From comments to

http://cbloomrants.blogspot.com/2010...ession-on.html

take CTW, the idea of working in binary and blending context models

by weighting rather than selecting

Its not the CTW idea at all, and its trivial.

CTW idea is to use the string probabilities for prediction, ie

logistic estimation (which appears because we can only handle string

probabilities in log domain). However, Matt's logistic mixing was

taken from neural networks, not CTW.

Basically, both bitwise processing and "blending" are obvious, when

you try to make a compressor based on NN (which is what Matt

originally did).

Also, (linear) mixing is natural for another reason too - if we have

two applicable models which give predictions p1 and p2, and a

probability w of p1 being right, then p=w*p1+(1-w)*p2 appears straight

from the definition.

As to logistic mixing, its less obvious, but I found that paq mixing

formulas can be actually derived from the same source model based on

submodel switching, simply by considering string probabilities.

take Malcolm's ideas from Rkive such as using non-contiguous

contexts like AxBx

Nobody remembers that anymore, but most still use sparse contexts

because its natural with a hashtable-based coder.

take SEE from PPMZ and the PPMii ideas of percolating updates to

neighbors to help with sparse statistics and slow learning

I agree with SEE, but PPMII's ideas are its initialization of new

counters and dynamic ranking of symbols in tree nodes and unary coding

and SSE. And as to "fuzzy" updates - its also one of these things

which everybody invents on their own.

Btw, ppmonstr also has sparse contexts.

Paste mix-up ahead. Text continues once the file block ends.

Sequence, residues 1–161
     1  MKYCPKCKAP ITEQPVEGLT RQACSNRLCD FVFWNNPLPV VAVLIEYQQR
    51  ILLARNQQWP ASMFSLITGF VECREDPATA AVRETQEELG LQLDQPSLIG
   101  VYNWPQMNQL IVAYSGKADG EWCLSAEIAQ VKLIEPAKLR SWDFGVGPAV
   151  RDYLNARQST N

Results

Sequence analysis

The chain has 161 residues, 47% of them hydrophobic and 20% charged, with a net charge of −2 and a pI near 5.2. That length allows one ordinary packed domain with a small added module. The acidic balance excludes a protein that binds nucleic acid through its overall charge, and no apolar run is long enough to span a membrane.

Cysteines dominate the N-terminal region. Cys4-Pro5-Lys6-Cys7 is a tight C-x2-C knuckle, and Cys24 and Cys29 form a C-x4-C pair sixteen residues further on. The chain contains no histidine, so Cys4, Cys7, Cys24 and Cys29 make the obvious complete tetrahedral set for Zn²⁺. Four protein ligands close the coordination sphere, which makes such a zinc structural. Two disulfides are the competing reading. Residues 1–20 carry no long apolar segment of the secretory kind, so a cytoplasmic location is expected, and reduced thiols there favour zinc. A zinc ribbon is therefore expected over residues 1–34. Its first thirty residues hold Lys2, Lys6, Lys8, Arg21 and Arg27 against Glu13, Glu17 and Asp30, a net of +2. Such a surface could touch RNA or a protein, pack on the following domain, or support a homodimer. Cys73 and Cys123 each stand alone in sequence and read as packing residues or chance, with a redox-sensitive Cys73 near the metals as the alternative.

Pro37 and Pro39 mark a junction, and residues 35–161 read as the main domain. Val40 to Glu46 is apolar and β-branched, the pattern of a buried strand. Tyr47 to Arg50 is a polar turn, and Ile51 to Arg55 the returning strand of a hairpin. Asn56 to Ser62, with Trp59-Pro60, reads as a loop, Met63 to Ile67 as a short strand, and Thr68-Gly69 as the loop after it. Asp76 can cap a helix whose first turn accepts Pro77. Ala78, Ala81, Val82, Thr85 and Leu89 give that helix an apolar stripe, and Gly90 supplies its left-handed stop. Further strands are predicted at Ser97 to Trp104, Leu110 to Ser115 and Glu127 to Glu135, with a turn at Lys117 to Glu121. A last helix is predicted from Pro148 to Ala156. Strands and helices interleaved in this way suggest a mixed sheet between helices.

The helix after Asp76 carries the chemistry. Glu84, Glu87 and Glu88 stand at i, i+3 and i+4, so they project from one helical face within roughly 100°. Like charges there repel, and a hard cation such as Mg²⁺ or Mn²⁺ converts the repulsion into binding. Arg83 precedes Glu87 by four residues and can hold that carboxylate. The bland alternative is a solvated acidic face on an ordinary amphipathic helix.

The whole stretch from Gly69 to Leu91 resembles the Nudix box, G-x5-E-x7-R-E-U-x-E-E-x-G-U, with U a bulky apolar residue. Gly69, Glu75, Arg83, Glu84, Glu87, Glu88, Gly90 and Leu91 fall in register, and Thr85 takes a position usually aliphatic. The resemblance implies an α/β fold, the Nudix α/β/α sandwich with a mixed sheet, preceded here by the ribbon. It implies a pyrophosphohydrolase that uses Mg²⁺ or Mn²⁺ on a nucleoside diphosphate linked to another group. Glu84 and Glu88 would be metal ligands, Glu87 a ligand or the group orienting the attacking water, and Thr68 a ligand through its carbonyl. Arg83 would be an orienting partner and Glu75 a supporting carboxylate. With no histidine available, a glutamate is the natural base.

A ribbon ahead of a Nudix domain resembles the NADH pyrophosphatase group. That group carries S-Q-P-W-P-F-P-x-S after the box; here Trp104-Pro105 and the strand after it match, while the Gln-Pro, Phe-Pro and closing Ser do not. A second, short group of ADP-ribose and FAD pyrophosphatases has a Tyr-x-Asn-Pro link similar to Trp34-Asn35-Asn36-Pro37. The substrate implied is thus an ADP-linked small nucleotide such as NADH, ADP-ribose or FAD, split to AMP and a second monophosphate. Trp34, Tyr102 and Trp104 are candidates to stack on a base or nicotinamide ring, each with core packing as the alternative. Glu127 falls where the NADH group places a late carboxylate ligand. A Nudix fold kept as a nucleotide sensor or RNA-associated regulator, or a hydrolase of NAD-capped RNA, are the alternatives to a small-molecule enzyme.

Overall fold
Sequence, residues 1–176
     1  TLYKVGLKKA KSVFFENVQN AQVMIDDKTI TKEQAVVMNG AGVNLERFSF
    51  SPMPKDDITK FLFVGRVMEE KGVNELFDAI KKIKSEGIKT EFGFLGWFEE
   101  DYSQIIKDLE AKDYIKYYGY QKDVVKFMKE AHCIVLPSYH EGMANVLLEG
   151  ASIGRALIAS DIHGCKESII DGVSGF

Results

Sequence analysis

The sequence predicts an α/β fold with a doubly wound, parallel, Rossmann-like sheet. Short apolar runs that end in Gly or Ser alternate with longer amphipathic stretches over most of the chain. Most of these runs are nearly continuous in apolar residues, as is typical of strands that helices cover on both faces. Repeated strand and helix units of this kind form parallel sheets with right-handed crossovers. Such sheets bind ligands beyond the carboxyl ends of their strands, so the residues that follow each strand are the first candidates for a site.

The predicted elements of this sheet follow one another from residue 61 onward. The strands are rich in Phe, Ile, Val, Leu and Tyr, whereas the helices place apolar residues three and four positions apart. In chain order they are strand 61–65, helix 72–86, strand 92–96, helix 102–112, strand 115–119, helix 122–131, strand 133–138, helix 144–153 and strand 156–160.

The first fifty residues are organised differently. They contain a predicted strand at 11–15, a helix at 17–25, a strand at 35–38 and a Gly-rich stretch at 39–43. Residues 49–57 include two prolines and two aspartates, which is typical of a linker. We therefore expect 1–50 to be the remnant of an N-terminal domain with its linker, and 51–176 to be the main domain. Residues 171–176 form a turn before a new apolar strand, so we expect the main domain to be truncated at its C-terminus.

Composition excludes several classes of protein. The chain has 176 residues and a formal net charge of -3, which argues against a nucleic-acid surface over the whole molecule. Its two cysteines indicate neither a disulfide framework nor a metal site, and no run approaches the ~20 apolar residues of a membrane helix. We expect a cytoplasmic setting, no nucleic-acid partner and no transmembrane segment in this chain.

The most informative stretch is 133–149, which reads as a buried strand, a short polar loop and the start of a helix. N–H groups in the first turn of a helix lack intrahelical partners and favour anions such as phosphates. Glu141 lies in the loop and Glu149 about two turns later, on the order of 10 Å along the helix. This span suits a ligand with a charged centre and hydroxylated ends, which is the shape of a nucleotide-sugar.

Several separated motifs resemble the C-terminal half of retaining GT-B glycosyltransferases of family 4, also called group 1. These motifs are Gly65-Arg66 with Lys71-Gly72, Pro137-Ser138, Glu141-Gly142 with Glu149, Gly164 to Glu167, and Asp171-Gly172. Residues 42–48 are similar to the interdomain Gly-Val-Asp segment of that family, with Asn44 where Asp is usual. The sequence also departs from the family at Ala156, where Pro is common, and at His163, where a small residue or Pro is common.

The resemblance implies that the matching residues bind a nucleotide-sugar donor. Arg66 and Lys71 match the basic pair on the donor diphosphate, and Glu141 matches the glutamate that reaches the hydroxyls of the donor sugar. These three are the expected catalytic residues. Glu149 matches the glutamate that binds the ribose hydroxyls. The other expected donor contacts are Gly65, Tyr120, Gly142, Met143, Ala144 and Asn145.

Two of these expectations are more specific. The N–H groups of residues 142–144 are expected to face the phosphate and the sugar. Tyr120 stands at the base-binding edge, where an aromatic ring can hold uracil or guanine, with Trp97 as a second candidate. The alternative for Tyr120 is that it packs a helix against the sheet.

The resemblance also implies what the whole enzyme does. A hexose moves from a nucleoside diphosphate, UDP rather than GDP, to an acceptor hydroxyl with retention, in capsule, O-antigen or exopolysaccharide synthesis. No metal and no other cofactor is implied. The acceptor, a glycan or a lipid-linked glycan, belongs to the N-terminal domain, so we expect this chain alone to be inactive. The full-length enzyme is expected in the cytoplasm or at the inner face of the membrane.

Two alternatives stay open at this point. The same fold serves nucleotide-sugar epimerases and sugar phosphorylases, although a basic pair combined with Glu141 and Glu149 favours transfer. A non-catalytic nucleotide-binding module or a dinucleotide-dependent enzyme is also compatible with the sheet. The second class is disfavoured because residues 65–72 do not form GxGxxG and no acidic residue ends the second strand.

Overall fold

you pretty much have modern CM

Still, I don't see it. Modern CMs store different counters into

different data structures (they have to be cache-friendly these days),

mix submodel predictions with a different mixing function and encode

the bits with a different arithmetic coder (Matt's rangecoder is

pretty unique, although I don't like it). So even if you can find some

similarities, they're likely false.

yes obviously there are lots of little tweaks, but so far as my

understanding goes there's nothing dramatic.

Depends on where you look. Both old and new coders take data on input

and write some function of it on output, and both are based on the

same idea of using statistics to predict the data. But implementations

look completely different to me. And in fact their behaviour is fairly

different too - old coders compressed texts considerably better -

considerably enough for ppmonstr still to keep the best result on 1G

text compression: http://mattmahoney.net/dc/text.html (durilca is

ppmonstr with attached text preprocessor)

the weighting in PAQ is very basic machine learning stuff so far as

a I can tell (simple linear online training),

It likely isn't that simple - that update formula was acquired by

minimizing the prediction entropy; originally Matt used a different

one, borrowed from NN theory, and it didn't work good enough.

modern ML has lots more tools to apply.

http://prize.hutter1.net/

http://mailcom.com/challenge/

Good luck :)